The dependence of conductance on Cl− activity was well fitted by the Michaelis-Menten relationship without including a term for surface charge effects (see also Linsdell et al., 1997b). Interestingly, the Km estimated from the fits is similar to the intracellular Cl− activity measured previously in secretory epithelia (e.g., Welsh et al., 1982). Thus, like many enzymes, the affinity of CFTR is close to its substrate concentration. A similar series of experiments carried out to assess the effects of mutations in the sixth membrane spanning region (TM6) yielded similar values for Km and Gmax (Linsdell et al., 1997b), and were used when fitting barrier models (Linsdell et al., 1997a).
CFTR was highly selective for Cl− over sodium (PNa/PCl < 0.028). This ratio is somewhat lower than reported previously (Tabcharani et al., 1990; Anderson et al., 1991; Bear, 1992), but is consistent with the observation that CFTR conductance and permeability ratios are not affected when sodium is replaced by N -methyl-d-gluca-mine or tetramethylammonium (Gray et al., 1988; Kartner et al., 1991; Bear, 1992). This insensitivity of Cl− conductance to the nature of the cation suggests the permeation mechanism in CFTR differs from that described for a neuronal Cl− channel, where cations permeate relatively well and are proposed to form ion pairs with permeating Cl− ions in the pore (Franciolini and Nonner, 1994). The present data do not exclude ionic strength effects on anion:cation permeability ratios.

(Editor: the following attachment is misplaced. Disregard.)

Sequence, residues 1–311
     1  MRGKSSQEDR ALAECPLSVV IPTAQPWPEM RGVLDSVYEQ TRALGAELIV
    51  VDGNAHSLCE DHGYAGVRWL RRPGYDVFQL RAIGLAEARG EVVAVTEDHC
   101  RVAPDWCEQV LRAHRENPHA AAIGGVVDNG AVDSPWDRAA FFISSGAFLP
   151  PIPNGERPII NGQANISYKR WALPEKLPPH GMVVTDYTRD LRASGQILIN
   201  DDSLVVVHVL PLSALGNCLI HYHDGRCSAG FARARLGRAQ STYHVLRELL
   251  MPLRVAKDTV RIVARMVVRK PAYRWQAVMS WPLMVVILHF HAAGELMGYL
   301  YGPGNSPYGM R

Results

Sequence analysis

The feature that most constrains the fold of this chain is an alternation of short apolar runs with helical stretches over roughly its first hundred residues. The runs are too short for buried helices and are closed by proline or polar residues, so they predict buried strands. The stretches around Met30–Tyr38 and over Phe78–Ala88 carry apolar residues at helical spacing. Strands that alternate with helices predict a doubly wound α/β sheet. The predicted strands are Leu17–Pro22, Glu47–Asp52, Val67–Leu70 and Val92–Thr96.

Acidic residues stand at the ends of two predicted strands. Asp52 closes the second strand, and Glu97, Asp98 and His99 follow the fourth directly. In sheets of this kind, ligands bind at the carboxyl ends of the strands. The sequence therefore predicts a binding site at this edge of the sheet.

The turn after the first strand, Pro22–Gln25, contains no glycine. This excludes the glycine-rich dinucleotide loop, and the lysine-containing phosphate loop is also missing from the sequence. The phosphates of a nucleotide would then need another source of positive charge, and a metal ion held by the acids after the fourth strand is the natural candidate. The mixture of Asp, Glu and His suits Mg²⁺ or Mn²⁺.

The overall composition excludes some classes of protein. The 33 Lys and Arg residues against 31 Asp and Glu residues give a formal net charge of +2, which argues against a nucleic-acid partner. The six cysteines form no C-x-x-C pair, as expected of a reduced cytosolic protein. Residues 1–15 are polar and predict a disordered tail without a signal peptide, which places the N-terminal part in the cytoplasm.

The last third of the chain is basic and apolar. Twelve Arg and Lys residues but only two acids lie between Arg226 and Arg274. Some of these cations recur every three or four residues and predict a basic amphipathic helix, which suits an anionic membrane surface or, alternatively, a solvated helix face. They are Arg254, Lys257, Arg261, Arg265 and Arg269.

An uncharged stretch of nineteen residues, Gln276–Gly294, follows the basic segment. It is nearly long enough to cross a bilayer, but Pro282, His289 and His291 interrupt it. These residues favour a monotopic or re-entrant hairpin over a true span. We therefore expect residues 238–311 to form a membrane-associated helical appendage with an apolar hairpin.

It has recently been proposed that anion selectivity in CFTR arises at the cytoplasmic end of the pore, based on comparisons of the voltage-dependent rates at which external methanesulfonate reagents react with cysteines engineered at the intracellular end of TM6 (Cheung and Akabas, 1997). In this regard, the mutant R347D had normal anion:cation permeability ratios (Linsdell and Hanrahan, unpublished observations) as did R347E (Anderson et al., 1991), but arg352, which has also been proposed to form part of the anion selectivity filter, remains a candidate.
Bromide and Fluoride Permeation